Tuesday, June 21, 2011

Seven Lunches

I don’t eat out enough to get a proper perspective on the restaurant scene, but I did stop in at a few cafes in recent months, nearly all of them good. Even one sitting can give you the feel for a place. The food is only part of it, of course. The shape of the room, the demeanor of the waitress, the direction of the light coming in, the music...

1. Blackbird (38th and Nicollet) I like the very tall ceilings, the cheery décor, and the sunny east-facing window. Their sandwich special had bean sprouts on it—also good. A good place to stop for lunch following a visit to the Art Institute, which is almost right down the street.

2. La Chaya (45th and Nicollet) We parked right in front and as I stepped out of the car I felt like I was back in California. It’s a good feeling. It must have been the fanciful wrought-iron railings and waxy green boxwood shrubs ringing the delightful brick terrace. Whatever it was, the effect was enchanting. The food was also good—semi-hot Mexican fusion.

3. King’s Wine Bar (46th and Grand) I ordered a chicken salad sandwich and a bowl of asparagus soup. The chicken salad was dominated by chevre and a very tasty vinaigrette rather than the chicken, the bread was toasted to perfection—or more likely fried in butter. The café is furnished with black chipboard furniture—the IKEA look, I guess—but there’s nothing wrong with it. Yet it was high noon, and we were the only people in the place, while Patisserie 46, right across the street, was packed with people.

4. Victory 44 is located in an obscure corner of North Minneapolis, just south of Victory Memorial Drive and west of Henry High School. The place is noted for chef-waiters, small portions, and very flavorful food. I can still recall the macaroni and cheese I had there—though they called it something entirely different. It was so tasty I could hardly believe it. I also remember the three perfectly sautéed scallops I had on another visit. Come to think of it, I also remember the little potatoes in the shape of footballs they served on the side, and the swizzle of glaze in the shape of a raspberry red Z across the top.

On the other hand, the lamb paté was about the size (and color) of an old-fashioned rectangular pencil eraser, and the rabbit sausage, sliced into two pieces at a very sharp angle (to create an optical illusion, I guess) and served on a bed of greens, didn’t amount to much.

I went there for a bite to eat with a friend one evening and had the privilege of sitting on one end of a long padded bench. A heavily pierced young woman sat at the other end, about fifteen feet away. She and her boyfriend ordered the Tuesday night “date” menu, which at $30 for five courses (for two) seems like a very good deal. The top of the bench was only loosely fastened to the base, and we inadvertently played a game of teeter-totter all night long, without really thinking about it, as we shifted in our seats.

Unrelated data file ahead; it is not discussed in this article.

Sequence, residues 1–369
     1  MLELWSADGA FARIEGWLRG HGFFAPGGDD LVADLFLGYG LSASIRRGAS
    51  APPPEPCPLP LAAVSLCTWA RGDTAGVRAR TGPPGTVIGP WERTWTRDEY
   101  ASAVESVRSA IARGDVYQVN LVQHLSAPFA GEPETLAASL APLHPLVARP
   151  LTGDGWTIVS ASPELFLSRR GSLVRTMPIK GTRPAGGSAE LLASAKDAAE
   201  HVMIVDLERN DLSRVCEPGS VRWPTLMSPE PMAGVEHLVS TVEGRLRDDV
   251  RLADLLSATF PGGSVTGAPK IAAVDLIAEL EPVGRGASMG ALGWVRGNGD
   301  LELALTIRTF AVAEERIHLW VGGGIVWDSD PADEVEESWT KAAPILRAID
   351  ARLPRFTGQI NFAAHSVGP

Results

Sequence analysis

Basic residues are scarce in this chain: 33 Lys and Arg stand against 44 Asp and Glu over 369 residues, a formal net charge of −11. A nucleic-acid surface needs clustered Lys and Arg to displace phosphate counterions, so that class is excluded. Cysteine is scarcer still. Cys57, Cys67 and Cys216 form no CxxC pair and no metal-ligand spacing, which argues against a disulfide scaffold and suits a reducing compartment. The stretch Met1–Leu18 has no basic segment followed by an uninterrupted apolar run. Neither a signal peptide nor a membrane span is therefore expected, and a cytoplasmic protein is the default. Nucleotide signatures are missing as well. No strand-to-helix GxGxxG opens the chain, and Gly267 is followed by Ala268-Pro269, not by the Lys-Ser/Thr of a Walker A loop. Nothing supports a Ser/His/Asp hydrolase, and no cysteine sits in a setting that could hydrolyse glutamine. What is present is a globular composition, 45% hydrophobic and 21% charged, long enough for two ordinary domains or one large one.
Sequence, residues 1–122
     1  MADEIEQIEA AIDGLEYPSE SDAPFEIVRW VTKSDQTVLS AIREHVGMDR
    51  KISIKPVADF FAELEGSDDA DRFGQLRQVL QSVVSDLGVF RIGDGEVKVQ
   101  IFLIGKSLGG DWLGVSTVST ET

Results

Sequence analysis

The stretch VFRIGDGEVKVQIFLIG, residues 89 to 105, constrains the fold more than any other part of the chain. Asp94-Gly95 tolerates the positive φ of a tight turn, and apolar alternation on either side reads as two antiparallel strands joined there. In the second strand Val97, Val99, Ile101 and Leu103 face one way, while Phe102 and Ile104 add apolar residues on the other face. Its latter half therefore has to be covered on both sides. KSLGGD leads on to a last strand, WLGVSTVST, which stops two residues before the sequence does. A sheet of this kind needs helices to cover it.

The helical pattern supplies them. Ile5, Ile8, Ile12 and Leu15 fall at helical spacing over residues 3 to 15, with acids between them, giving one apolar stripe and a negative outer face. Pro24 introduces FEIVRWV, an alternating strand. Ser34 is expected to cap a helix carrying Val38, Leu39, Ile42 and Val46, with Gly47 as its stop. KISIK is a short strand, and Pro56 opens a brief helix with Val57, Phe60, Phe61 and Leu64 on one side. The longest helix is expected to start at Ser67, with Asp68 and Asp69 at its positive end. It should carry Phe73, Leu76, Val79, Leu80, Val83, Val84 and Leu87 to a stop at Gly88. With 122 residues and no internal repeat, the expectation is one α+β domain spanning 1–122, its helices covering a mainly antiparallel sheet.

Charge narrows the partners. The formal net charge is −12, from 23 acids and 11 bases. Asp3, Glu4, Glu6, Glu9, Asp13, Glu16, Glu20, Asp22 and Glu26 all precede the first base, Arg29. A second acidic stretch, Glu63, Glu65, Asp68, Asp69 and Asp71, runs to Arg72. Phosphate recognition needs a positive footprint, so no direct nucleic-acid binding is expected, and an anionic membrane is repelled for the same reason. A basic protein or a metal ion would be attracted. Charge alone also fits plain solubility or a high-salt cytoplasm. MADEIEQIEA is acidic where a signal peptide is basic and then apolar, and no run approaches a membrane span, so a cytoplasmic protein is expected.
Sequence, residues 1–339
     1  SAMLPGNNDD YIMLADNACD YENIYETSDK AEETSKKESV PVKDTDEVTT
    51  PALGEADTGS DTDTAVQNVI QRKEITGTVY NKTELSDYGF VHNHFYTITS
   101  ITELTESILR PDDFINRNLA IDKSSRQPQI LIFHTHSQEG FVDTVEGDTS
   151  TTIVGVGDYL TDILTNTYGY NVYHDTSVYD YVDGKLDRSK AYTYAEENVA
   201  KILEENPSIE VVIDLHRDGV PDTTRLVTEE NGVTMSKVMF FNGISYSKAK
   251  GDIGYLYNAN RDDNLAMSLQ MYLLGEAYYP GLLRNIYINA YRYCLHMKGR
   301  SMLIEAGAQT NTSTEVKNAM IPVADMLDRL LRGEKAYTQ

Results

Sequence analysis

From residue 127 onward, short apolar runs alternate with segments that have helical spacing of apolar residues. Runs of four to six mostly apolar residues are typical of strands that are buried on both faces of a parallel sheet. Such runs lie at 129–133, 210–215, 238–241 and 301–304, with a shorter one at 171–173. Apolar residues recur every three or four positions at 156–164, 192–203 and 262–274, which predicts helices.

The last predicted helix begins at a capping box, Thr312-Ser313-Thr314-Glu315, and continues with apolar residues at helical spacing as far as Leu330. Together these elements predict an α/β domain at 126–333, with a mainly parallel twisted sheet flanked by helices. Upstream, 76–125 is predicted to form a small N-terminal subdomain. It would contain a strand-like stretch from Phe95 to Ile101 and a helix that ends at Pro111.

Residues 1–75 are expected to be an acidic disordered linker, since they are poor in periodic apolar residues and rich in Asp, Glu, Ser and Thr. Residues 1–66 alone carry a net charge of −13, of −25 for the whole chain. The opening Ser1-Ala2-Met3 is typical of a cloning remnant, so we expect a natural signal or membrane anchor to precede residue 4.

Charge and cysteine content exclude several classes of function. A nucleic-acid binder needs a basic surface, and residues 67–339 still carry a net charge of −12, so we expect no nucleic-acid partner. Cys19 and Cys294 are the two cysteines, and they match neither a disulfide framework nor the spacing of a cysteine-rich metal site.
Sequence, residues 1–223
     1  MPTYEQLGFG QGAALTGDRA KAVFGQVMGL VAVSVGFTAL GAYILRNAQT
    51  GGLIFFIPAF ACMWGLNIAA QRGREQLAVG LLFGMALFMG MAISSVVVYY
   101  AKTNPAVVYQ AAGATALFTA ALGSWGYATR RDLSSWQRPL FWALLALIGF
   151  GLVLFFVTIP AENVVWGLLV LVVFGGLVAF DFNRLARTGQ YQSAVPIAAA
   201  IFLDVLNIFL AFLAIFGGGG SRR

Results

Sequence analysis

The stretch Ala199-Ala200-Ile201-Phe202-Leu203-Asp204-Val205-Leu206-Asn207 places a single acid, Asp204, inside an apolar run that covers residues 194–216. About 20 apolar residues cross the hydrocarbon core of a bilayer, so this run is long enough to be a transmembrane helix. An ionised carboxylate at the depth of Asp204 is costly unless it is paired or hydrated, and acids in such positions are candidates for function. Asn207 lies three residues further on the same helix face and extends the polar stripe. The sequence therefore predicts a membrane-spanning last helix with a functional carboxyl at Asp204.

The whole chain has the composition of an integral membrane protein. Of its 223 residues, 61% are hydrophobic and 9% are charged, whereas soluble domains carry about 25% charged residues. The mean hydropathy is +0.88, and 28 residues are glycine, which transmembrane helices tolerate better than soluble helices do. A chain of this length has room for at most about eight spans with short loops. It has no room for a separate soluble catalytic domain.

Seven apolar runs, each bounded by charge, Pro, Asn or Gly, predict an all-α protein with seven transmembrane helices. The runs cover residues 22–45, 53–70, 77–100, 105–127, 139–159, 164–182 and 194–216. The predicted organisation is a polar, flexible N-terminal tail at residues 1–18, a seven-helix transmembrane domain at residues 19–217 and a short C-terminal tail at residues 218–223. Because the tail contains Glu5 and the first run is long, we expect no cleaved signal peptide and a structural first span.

5. Travail, in downtown Robbinsdale, offers a similar menu, similarly exquisite charcuterie, similar small portions, and perhaps even cockier chef-waiters. It’s fun to sit against the wall looking across the room at the open kitchen. A friend and I arrived on morning just before noon and there were ten or twelve people waiting outside the door for the place to open.

6. The Republic, which replaced Sergeant Preston’s after all these years at Seven Corners, has a remarkable open-air Happy Hour. The chips are notably flavorful and ungreasy and the $5 grass-fed-beef hamburgers come in several modes, from garlic confit to red wine reduction and brie to aged cheddar and caramelized onions. Three dollar craft American taps.

7. The best sandwich I’ve had in years came from the Northern Waters Smokehouse in the DeWitt-Seitz Marketplace out on Canal Street in Duluth. It’s called the Sitka Sushi, and it has Wild Alaskan Sockeye gravlox with cucumber, shredded veggies, pickled ginger, cilantro, chili sauce, and wasabi mayonnaise on a hero roll. Wow!

8. The best blue-plate special I had recently was at the Pease Café, located in (you guessed it) Pease, Minnesota. (It’s just south of Milaca.) Low prices, genuinely “home-cooked” food. And I can assure you, it isn’t difficult to eavesdrop on what the locals are talking about at a place like that.

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